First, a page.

Yes. Like my (temporary) neighbor who bought a $300k house on his WalMart checker salary and "didn't know" that the true payments, after the 2-year teaser, would be more than his entire salary. I generally have an expectation that people take responsiblity for their actions and read the fine print. Yet, he was repeatedly "helped" by the government until the foreclosure.

But the young people are being bombarded with information that they have to attend college, they have to get loans, "it will all work out". And they're coming out into a jobless world with no hope of getting ahead. On tv last night a guy was talking about it taking an average of 20 to 30 years to pay back student loans, depending on the major and the job market.

I think when it all comes to a boil, the government will bail them all out, just like they did the homeowners, who are still being bailed out.
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Old 08-12-2013, 12:35 PM
 
9,639 posts, read 5,972,704 times
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Originally Posted by NJBest View Post
Says who? Just because college was really cheap for a few decades doesn't mean that tuition shouldn't return to normal rates. Keep in mind that historically, only those who showed decent merit (3.8 gpa for example) and/or had wealth attended college.
Cost of college has far outpaced inflation.

A lot of it has to do with worthless administration. Nobody ever looks at them, the focus is always on the teachers salaries. My last year of school they cut $500,000 in student services, teachers were in year 2 of no contract, but administration got their 3% raises and hired new people.

Quote:
Originally Posted by cb73 View Post
But the young people are being bombarded with information that they have to attend college, they have to get loans, "it will all work out". And they're coming out into a jobless world with no hope of getting ahead. On tv last night a guy was talking about it taking an average of 20 to 30 years to pay back student loans, depending on the major and the job market.

I think when it all comes to a boil, the government will bail them all out, just like they did the homeowners, who are still being bailed out.
The value of college has also been cheapened. All this private "online" schools or the big box ones. ie Devry University. They're just chasing the easy loans people can get.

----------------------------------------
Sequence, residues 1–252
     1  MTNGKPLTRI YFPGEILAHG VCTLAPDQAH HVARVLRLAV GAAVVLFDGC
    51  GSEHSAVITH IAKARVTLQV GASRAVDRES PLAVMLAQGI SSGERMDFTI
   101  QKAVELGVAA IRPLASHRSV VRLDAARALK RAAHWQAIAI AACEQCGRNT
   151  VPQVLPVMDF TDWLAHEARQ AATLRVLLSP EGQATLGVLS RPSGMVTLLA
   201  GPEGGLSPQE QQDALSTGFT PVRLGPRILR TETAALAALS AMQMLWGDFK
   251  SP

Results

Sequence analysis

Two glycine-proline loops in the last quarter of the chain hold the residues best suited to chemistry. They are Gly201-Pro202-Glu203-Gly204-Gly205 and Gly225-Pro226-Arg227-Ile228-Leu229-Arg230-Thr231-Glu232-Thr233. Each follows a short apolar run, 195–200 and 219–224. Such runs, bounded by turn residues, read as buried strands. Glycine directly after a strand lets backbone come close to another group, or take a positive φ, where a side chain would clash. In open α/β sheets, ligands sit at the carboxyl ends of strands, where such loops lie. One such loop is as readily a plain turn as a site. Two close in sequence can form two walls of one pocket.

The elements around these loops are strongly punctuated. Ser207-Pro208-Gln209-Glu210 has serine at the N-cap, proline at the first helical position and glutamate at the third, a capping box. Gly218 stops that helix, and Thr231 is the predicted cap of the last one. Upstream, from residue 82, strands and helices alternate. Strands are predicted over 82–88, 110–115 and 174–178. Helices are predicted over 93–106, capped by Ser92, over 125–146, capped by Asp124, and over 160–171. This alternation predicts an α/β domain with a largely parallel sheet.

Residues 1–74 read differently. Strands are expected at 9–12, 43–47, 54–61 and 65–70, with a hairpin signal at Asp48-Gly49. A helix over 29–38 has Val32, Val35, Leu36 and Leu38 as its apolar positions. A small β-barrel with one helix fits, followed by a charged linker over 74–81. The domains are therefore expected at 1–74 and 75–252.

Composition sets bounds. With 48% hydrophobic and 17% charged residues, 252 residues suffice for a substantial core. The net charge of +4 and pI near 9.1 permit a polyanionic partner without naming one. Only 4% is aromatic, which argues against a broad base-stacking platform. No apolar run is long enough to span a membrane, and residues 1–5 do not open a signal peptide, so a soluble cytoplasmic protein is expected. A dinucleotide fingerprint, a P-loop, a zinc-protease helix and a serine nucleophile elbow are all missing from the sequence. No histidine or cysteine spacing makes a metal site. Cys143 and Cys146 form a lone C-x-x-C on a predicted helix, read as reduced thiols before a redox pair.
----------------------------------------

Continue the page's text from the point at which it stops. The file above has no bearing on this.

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Old 08-12-2013, 03:07 PM
 
Location: North of Canada, but not the Arctic
20,864 posts, read 19,328,298 times
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...and yet we still have politicians (I won't mention any names) making speeches at colleges about how the federal government must continue to subsidize college education so that they can get more votes, er, I mean so graduates can get high-paying jobs.
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Old 08-12-2013, 09:26 PM
 
24,488 posts, read 40,983,168 times
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Originally Posted by cb73 View Post
Yes. Like my (temporary) neighbor who bought a $300k house on his WalMart checker salary and "didn't know" that the true payments, after the 2-year teaser, would be more than his entire salary. I generally have an expectation that people take responsiblity for their actions and read the fine print. Yet, he was repeatedly "helped" by the government until the foreclosure.

But the young people are being bombarded with information that they have to attend college, they have to get loans, "it will all work out". And they're coming out into a jobless world with no hope of getting ahead. On tv last night a guy was talking about it taking an average of 20 to 30 years to pay back student loans, depending on the major and the job market.

I think when it all comes to a boil, the government will bail them all out, just like they did the homeowners, who are still being bailed out.
Most college students aren't young anymore. They are 18 years oldish. Unless their parents failed them miserably (which, sadly, happens way too often), they know exactly what they are getting into. Let's not make up excuses. If the students and parents cared about education, they would have attained scholarships or gone to schools that offer funding (like cooper union).
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Old 08-12-2013, 09:27 PM
 
24,488 posts, read 40,983,168 times
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Originally Posted by LordSquidworth View Post
Cost of college has far outpaced inflation.

A lot of it has to do with worthless administration. Nobody ever looks at them, the focus is always on the teachers salaries. My last year of school they cut $500,000 in student services, teachers were in year 2 of no contract, but administration got their 3% raises and hired new people.
Yes, the cost of college has outpaced inflation... recently. But you conveniently leave out the fact that college was extremely cheap between WWII and the late 90s. There was a significant amount of catching up to do.